Some leaders who deny scientific knowledge and propagate global conspiracy theories are collaborating to advance folly and misinformation. And it is not just the lack of information that is at stake, it is beliefs and values that conflict with a certain aspect, theory, evidence or science field, because scientific evidence would force them to give up their values and political choices. Professor Castelfranchi brings attention to fake news and the urgency to invest in studies about them and disputes over information, especially scientific information. To him, it is not literacy that makes us immune to fake news if we share what we like and want to believe. In his opinion, fake check or The Bank platforms are necessary, but not enough. “People will access or check content coming from the ‘enemy’, but when the news, fact, or rumor comforts our own moral-political position, we certainly will not verify it”, he explains by reinforcing that checking sites are indispensable, but they are not enough.

How to act in the face of the attack on science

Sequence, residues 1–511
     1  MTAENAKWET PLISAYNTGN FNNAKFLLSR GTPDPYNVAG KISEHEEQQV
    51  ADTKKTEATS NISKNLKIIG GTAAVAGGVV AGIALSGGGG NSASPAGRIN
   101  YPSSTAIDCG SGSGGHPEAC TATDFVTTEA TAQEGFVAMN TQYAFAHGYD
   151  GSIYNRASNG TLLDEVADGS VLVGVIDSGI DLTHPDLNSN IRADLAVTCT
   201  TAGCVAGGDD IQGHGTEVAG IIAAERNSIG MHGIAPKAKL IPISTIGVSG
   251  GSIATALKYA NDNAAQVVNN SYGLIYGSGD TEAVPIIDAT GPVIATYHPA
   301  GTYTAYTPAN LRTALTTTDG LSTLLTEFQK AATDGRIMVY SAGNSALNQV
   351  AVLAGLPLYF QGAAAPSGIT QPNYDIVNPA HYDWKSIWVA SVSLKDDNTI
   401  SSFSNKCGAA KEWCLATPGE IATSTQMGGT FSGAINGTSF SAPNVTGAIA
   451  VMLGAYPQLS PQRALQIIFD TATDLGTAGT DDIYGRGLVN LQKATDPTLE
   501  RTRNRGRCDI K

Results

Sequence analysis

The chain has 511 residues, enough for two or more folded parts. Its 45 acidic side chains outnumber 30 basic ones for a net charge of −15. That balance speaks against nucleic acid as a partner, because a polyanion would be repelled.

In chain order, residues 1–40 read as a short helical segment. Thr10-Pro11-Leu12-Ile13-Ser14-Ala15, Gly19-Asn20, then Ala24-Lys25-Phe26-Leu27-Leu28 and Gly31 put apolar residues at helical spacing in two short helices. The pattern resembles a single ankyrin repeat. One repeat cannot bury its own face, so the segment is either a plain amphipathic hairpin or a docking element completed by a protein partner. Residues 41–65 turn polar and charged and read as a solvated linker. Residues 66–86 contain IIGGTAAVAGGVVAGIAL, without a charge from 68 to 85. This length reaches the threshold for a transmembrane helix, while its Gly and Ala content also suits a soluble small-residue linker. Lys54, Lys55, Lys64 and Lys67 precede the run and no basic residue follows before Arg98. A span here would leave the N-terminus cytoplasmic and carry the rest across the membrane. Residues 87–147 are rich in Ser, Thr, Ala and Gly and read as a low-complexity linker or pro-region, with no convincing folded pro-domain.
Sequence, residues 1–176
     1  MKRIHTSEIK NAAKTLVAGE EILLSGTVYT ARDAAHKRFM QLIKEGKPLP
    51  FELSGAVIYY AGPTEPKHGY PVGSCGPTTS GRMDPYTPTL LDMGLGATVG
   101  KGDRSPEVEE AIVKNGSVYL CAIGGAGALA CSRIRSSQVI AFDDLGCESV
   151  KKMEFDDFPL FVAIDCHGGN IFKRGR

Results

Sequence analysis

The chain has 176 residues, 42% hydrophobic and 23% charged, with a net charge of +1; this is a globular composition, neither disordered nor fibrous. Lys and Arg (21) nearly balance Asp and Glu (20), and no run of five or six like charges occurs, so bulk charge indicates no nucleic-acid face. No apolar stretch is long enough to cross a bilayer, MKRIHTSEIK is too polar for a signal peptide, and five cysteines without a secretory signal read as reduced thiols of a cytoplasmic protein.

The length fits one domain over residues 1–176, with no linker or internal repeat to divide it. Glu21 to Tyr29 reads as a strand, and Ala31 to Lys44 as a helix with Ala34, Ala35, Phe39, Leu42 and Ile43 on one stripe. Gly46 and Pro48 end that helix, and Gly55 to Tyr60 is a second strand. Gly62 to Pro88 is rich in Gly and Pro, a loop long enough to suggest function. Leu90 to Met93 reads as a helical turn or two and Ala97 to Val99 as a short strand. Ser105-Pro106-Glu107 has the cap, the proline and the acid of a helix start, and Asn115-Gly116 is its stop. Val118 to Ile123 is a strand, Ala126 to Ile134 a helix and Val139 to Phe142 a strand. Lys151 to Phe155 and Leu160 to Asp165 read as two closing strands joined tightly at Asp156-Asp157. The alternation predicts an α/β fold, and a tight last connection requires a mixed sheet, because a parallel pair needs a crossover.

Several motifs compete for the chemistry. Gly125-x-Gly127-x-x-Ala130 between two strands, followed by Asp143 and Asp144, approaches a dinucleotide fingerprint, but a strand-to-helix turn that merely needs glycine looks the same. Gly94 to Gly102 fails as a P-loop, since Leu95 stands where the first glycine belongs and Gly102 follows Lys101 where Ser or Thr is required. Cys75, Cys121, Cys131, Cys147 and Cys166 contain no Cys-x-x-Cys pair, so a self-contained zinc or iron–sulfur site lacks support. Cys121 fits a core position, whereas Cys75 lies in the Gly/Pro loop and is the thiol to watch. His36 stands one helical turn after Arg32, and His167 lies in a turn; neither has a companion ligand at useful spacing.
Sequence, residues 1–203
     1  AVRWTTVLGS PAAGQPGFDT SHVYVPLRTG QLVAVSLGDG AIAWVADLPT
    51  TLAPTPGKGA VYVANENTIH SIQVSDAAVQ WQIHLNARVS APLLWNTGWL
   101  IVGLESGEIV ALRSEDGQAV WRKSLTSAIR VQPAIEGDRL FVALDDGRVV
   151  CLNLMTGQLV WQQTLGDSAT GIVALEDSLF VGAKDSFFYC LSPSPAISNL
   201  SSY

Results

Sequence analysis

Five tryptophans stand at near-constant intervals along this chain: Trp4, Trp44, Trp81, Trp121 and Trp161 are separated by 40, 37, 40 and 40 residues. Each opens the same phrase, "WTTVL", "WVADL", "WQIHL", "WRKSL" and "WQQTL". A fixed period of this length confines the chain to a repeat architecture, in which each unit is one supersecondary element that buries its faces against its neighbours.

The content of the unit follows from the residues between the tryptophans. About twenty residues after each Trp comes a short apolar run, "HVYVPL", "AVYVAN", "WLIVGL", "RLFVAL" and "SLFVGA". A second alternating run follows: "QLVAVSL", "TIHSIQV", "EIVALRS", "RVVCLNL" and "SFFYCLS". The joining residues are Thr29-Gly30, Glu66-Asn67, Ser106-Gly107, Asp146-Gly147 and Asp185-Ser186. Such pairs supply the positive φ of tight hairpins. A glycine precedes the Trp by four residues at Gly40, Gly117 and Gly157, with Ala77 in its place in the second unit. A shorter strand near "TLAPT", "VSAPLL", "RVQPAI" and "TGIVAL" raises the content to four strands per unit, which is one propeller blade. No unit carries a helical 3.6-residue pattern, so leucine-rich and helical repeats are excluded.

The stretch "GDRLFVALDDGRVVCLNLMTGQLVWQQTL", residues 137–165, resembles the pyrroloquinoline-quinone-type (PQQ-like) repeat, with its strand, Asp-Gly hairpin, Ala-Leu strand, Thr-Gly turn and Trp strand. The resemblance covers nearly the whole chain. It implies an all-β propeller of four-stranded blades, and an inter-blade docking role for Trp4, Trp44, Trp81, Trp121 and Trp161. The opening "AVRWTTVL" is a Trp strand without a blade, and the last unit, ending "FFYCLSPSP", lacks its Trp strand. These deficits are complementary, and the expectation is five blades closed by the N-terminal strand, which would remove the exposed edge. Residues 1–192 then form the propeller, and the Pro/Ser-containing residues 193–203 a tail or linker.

According to Dr. Burnett, it doesn’t seem that we are simply facing a political problem, an opposition between right and left, we are facing an unparalleled setback in the history of Brazil, a movement that, for example, may abolish the political game and what what will happen from now on depends on the capacity for cohesion between opposing ideological strands. For him, many of the small achievements that we conquored after redemocratization have already been destroyed, but, in his view, society still has the necessary conditions to react. “However, the Brazilian elite is one of the most disconnected from the country’s social problems; they simply look at their acquired privileges, as if there were nothing else”, he regrets by emphasizing that he does not see how the elite and scientists could equation their needs and responsibilities in a harmonious way. This is the great knot of our present. The professor is emphatic in concluding that unfortunately it is not just an external movement, that also plagues other countries. “We are facing a problem of our own, that is, Brazil needs to face one of its most complex characteristics, which is not simply about deficient public education, but about the perennial legacy of slavery. The cry of a significant portion of society for the end of democracy is a wound of a country adrift”, he acknowledges. For Professor Caponi, the best way to deal with this wave would be to defend secularism, the other would be to improve scientific education in all its forms.